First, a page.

Eylau: Precis Des Travaux de la Grande Armée
Letter from Talleyrand to Lauderdale on Napoleon's Wish to Continue the Negotiations: 18 September 1806
No XXXII. - Copy of a note addressed to Lord Lauderdale by H. Exc. the Minister of Foreign Relations, September 18, 1806.
The undersigned Minister of Foreign Relations put under the eyes of H. M. the Emperor, King of Italy, the note that H. Exc. milord Count Lauderdale, ambassador plenipotentiary of H. M. of the British made the honor of addressing the 13th of this month to him.
H. M. the Emperor and king sees with sorrow that the negotiation seems to take a retrograde direction each day, and it can be explained only with difficulty which goal the English government desires to reach.
Initially one proposed, such as agreed rules, and one wanted to recognize out-of-date forms, of which the text and the funds never allowed nor had been even discussed by the French Government, and when this difficulty appeared divert, and that the French plenipotentiary made a presentiment of sacrifices which displayed moreover provisions of their Government for peace, one returns at points former to the negotiation, and one reproduces a question which three times had been decided; initially by the authority given to Mr. d' Oubril, and whose MISTERS the plenipotentiaries of H. M. of the British were informed since; by the authority which England had given to milord Count of Yarmouth, and finally for the third time by those of milord Count of Lauderdale. It was this, it seems, that made it possible to think that a discussion finished before the first conferences of MM the negotiators and decided even by the fact alone of their negotiation, was not represented any more. However H. M. the Emperor, wanting to give a new proof of the constant provisions for the re-establishment of peace, adhered to the following proposal: "That the negotiations between France and England will continue, and that the ambassador plenipotentiary of H. M. King of Great Britain will be able to introduce into the treaty, either such as a secret article, or in any other form which would fulfill the same goal, all that he will believe useful to reconcile the differences which exist between France and Russia, and it to take part in a beneficial peace, of course that it will not be admitted that respectively honorable proposals, and not attacking any the real power, with the dignity of the two Empires, and that one will not see any more reproducing the strange proposals that Mr. de Novoziltzoff had the share of Russia and which having announced the origin of a coalition overcome and confused as of its birth, must be forgotten with it. It is proposals, which only result from a man blind with confidence, and a species of intoxication, and not being founded neither on the real force of the States, nor on their geographical situation, are deprived of any peaceful nature, nor carry with them their reprobation.”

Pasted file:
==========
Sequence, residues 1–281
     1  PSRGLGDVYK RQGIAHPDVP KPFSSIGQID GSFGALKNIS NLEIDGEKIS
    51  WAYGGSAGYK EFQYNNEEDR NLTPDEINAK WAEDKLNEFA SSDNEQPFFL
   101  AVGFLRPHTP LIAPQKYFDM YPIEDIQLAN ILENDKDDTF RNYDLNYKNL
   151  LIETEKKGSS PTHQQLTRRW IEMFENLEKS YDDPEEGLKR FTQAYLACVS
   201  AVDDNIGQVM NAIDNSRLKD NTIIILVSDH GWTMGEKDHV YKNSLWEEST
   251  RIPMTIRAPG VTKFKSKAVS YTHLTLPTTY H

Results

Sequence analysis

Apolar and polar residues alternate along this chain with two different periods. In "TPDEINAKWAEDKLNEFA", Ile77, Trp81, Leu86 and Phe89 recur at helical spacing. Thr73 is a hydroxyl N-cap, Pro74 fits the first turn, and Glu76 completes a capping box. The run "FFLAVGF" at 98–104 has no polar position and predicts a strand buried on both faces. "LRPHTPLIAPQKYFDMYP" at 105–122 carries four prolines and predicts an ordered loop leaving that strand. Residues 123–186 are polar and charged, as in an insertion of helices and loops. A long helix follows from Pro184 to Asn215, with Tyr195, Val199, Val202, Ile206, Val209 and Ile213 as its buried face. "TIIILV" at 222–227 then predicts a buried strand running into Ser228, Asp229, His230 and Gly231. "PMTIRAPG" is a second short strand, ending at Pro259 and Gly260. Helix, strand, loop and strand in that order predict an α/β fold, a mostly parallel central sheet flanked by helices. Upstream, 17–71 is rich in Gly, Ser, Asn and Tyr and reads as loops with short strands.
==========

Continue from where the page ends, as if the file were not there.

France should give up neither the interests of the Ottoman Empire, nor a position which puts it out of range to support this Empire against the aggressions of which Russia threatens it overtly; but all these objects intended to be entered in the provisions of the treaty, having to be reserved for the discussion, the undersigned will not seek to pre-empt the results which it must have.
If, since the changes that have occurred in the cabinet of H. M. of the British, one continues in England to want peace, peace can be made and be made promptly. The Emperor will not stop with some sacrifices to accelerate it and make it lasting; but if the provisions for the peace had changed in London, if the wise and liberal sights, developed in the first communications which took place with the famous minister that is missed by the two nations, did not prevail more, one vague discussion, of the immoderate claims and of the ambiguous proposals deviating from the ton of the frankness and nobility necessary to lead to a true bringing together, would do nothing but more than turn sour, and would be unworthy of the two people.
France does not pretend to make the law for neither to Russia nor in England; but she does not want to receive it from England nor of Russia either. That the conditions are equal, right, moderated, peace is made; but if one is pressing, exaggerated, if supremacy is affected, so finally one wants to dictate peace, the Emperor and the French people do not even recognize these proposals. Confident in themselves, they will say what former people answered his enemies: "You ask for our weapons, come and take them."
The undersigned has the honor of renewing, etc.
Signed, CH Mr. TALLEYRAND, Prince de Bénévent.
© Copyright 1995-2012, The Napoleon Series, All Rights Reserved.